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What is Atheism?

Updated on December 26, 2016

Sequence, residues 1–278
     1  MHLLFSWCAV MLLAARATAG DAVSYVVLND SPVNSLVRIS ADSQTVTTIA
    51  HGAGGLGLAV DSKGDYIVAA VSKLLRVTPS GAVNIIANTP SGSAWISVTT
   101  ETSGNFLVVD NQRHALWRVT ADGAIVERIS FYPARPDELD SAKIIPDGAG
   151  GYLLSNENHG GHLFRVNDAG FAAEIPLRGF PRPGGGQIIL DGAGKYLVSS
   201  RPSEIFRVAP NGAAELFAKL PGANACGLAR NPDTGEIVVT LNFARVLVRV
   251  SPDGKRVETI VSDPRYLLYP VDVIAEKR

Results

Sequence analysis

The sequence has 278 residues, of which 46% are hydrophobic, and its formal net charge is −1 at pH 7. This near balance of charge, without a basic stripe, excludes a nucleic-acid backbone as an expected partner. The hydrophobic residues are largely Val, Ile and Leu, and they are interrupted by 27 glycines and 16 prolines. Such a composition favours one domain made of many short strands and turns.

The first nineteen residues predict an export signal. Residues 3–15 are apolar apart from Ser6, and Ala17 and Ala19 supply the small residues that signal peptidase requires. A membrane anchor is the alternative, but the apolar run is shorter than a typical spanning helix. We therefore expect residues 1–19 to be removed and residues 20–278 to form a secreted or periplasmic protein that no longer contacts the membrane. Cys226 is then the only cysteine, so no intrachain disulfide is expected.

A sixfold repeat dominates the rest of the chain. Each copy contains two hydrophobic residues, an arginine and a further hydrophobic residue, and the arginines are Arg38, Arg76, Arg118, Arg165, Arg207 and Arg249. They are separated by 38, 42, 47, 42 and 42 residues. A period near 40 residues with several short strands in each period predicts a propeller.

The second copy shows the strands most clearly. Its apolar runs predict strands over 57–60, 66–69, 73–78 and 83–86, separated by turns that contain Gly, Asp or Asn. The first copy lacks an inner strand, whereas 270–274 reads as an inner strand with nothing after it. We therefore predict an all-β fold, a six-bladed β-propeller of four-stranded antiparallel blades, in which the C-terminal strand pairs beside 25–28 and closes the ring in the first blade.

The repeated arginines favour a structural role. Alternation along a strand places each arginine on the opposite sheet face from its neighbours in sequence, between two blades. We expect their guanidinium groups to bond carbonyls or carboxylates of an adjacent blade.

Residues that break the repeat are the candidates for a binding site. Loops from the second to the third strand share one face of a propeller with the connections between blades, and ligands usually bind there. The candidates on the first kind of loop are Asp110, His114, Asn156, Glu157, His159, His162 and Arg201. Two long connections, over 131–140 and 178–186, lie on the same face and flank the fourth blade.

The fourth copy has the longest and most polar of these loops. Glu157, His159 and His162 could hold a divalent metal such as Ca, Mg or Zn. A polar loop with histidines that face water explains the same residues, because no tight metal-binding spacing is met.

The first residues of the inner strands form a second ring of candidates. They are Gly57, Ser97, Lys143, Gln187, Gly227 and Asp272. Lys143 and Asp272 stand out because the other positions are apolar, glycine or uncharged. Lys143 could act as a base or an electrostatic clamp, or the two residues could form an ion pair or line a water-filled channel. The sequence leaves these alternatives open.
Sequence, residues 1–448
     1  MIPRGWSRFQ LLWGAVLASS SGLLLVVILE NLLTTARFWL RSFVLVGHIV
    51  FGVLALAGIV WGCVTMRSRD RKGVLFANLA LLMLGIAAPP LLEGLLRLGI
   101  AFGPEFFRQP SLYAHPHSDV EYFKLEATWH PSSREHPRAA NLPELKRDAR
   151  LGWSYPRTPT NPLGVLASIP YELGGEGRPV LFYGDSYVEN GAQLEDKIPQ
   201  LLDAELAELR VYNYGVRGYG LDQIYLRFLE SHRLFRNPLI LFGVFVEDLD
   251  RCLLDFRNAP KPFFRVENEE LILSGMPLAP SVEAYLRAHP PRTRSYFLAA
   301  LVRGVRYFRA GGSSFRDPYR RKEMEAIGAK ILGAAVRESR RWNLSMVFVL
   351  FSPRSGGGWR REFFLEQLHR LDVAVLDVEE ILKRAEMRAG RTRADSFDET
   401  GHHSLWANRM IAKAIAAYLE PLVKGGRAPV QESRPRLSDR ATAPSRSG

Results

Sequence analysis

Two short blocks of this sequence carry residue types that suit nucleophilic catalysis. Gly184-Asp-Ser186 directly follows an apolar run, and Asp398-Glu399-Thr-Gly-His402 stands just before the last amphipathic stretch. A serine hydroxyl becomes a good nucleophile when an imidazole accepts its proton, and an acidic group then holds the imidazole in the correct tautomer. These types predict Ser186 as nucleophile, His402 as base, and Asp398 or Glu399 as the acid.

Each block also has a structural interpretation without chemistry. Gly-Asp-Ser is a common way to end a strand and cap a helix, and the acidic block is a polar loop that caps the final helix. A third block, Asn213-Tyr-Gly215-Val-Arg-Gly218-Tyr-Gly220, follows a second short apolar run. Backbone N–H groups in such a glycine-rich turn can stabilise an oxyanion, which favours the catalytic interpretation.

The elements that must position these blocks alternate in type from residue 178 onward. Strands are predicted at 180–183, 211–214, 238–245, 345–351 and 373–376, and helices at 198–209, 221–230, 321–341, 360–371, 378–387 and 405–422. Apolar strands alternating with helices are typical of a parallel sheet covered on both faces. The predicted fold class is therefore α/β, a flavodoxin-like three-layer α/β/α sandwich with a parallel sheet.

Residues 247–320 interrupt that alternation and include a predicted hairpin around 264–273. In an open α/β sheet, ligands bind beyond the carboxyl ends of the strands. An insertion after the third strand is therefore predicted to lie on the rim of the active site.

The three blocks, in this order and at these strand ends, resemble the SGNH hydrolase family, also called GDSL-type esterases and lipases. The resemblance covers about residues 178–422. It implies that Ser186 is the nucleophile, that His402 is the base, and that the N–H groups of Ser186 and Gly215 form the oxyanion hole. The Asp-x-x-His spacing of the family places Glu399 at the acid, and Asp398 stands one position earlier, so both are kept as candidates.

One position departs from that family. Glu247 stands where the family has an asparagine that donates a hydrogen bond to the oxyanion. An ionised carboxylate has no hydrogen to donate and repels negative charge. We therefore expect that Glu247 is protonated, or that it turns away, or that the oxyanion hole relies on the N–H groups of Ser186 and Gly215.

Atheism, denial of the existence of a god. A sect is very apt to charge its opponents with atheism merely because their doctrines are not understood. Thus Xenophanes, who rejected the gods of the popular Greek religion, incurred the charge of atheism, though his attitude was almost monotheistic. Socrates, too, was charged with atheism because he did not believe in the gods that the city worshipped. The early Christians were called atheists by the Romans, because they denied their gods and were at variance even with Judaism. Philosophic atheism fails to find evidence of a god manifest in the universe. In Greece positive atheists were the followers of Democritus, Leucippus, and the materialistic schools. In Rome there were very many sceptics but very few atheists. Lucretius was unique, standing apart from his age. His book De Rerum Natura (On the Nature of Things) is one of the most fervent denials of the divine ever permed. 'Gods' there are, but these 'gods' are not immortal, according to Lucretius, but only beings endowed with a happier and longer life than ordinary mortals. Lucretius had no followers in Rome, and his book was ignored for many generations.


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